Coca-Cola Department of Water Studies begins Year One with 21 students; Organizes a High Level Dialogue on Sustainable Water Resource Management & Cleaning of Indian Rivers
Hon’ble Minister for Water Resources, Sushri Uma Bharti was the keynote speaker
New Delhi, October 7: Cleaning Indian rivers has been a major issue that our country has been grappling with for many years. Despite cleaning of rivers being a major agenda for the Government, there is a significant decline in water quality – arising from growing population, increasing urbanization and industrial growth, which needs to be tackled with expertise.
Against this background and with an aim to address the foremost challenges in water resource management,
Delivering the keynote address, Sushri Uma Bharti, Hon’ble Union Minister for Water Resources said “We need to analyze why rivers, that were unpolluted for thousands of years, have suddenly become severely polluted during the past 40-50 years. Today, even animals cannot take a dip in the waters. We need a judicious mix of knowledge from global and national best practices to clean up our rivers, as it has happened in Sabarmati, Thames and the Rhine. The most important task is to ensure minimum biological flow of the river. Even treated water should not be allowed to flow into the river.
She further added, “We need a participatory approach from various stakeholders, including industries, to make cleaning the Ganga a success. The industry needs to realize that if rivers die, the industries would die too. It is easy to dwell on the problems, but difficult to come up with solutions, or even to know where to start.”
Dr R K Pachauri, Chancellor, TERI University and Director-General, TERI, said: “India’s rivers are polluted to an extent that does not allow any life to survive in them. The result is not only widespread economic loss, but also the spread of disease on account of pollutants, toxic waste and disease carrying organisms being transported by our rivers. For this reason the Government of India is placing great emphasis on cleaning of the country’s rivers. However, success in this regard would involve not merely action by the Government, but the involvement of all stakeholders, ensuring participatory action by all.”
Speaking on the occasion, Mr Venkatesh Kini, President,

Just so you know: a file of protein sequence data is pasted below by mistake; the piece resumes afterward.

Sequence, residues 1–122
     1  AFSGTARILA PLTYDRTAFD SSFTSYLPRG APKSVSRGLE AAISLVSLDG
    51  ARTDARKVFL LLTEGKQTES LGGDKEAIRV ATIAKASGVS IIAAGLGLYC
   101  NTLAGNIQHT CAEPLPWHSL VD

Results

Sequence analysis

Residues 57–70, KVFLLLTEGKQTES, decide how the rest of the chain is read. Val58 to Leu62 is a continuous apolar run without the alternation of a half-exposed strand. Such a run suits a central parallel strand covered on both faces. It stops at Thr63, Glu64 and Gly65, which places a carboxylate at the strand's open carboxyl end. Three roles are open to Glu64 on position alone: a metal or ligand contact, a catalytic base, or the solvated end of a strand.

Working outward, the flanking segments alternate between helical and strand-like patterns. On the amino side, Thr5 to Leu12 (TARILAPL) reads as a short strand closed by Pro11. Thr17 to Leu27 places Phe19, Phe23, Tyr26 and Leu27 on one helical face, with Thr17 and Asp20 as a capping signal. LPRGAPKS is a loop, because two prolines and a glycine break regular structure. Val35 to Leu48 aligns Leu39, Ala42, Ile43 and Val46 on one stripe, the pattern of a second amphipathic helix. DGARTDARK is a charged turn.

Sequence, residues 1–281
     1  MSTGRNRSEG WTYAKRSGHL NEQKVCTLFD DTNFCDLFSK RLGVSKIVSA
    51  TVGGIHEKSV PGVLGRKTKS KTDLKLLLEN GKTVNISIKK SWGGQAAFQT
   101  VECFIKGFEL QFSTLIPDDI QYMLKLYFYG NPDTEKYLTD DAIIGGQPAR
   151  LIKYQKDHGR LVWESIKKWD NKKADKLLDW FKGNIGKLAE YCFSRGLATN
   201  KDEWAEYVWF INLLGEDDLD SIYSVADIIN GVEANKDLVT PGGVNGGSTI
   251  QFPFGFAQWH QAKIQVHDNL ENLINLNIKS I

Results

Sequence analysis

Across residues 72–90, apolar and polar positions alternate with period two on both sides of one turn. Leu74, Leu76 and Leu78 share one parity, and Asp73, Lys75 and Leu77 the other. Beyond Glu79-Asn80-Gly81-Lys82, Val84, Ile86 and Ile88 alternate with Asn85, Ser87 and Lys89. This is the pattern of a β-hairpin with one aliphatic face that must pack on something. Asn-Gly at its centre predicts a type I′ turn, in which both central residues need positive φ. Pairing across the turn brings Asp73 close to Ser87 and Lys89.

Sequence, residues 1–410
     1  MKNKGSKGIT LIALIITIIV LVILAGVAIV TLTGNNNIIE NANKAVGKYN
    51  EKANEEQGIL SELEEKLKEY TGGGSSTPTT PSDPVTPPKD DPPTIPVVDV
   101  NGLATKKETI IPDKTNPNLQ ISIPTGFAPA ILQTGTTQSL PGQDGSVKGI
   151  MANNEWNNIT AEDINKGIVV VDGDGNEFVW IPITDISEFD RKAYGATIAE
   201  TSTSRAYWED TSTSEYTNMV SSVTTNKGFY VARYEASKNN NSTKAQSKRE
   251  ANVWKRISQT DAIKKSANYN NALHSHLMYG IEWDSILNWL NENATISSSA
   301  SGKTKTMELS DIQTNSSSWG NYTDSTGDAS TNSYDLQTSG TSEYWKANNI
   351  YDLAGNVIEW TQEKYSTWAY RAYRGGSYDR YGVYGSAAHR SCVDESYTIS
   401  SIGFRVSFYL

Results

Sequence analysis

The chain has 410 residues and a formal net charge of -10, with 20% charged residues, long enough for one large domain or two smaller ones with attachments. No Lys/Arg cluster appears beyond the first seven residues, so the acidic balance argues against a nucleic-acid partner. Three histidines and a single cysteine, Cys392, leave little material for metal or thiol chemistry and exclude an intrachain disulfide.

Speaking at the Dialogue, Dr Leena Srivastava, Vice Chancellor, TERI University, said: “TERI University is preparing its students to provide systemic solutions to the critical sustainability challenges that we face today. We have spent an enormous amount of time and resources in trying to clean our rivers unsuccessfully. While large-scale, centralised technological solutions are undoubtedly important, they are obviously not sufficient to deal with a complex river system – avoidance has to be invested in as much as treatment and decentralised solutions have to be part of the package of measures. And for this, we need proper policies, regulations and incentives to engage people in both water conservation and protection.”
The Dialogue marked the formal beginning of The
The High-Level Dialogue held today is the first in a series of upcoming interactive seminars, which will be hosted by the newly-formed
Findings of River Study
Students from TERI University presented an analysis of the evaluation and quality restoration plan for river Yamuna. The study focuses on linkages between public perception of water quality, the associated risk perception and their willingness to participate in water management projects.
The recommendations include:
Declaration of the river quality, post river action plans is important
Development of water quality surveillance according to the restoration plan and technological requirement
Entire NCR must be sewered to the extent possible to ensure near “zero” discharge in the river. This can be done by upgrading the existing STPs, rehabilitating exiting sewers and laying new ones.
Any excess sewage entering directly into the river must be tapped and treated by establishing alternative drainage systems like canals or bandha (a kind of retaining wall or dam extending from a few meters below the riverbed to the river’s ﬂood level) on either or both sides of the river to dispose the entire wastewater without lowering the Dissolved Oxygen (DO) levels in the river.
River front development needs to be looked upon as both an economically-viable and environmental-friendly solution to promote the concept of “Green City”.
Flow augmentation via impounding the river to use the water stored during the monsoon period and released during the dry periods.
The recycle and reuse of treated wastewater is also one of the main opportunities, by which water can be used for irrigation, horticulture, and industrial purposes. It can also be used for cooling the towers in power stations etc.
Diffusing pollution via urban and agricultural runoff can be minimized by establishing rainwater harvesting units within the city and sustainable urban drainage systems (SuDs).